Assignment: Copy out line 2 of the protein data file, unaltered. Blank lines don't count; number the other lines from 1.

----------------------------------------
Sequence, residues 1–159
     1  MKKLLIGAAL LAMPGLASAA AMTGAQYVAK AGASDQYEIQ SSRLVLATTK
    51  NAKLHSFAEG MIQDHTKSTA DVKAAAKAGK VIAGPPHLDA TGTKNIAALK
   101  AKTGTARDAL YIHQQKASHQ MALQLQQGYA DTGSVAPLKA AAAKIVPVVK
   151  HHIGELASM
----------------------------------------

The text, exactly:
     1  MKKLLIGAAL LAMPGLASAA AMTGAQYVAK AGASDQYEIQ SSRLVLATTK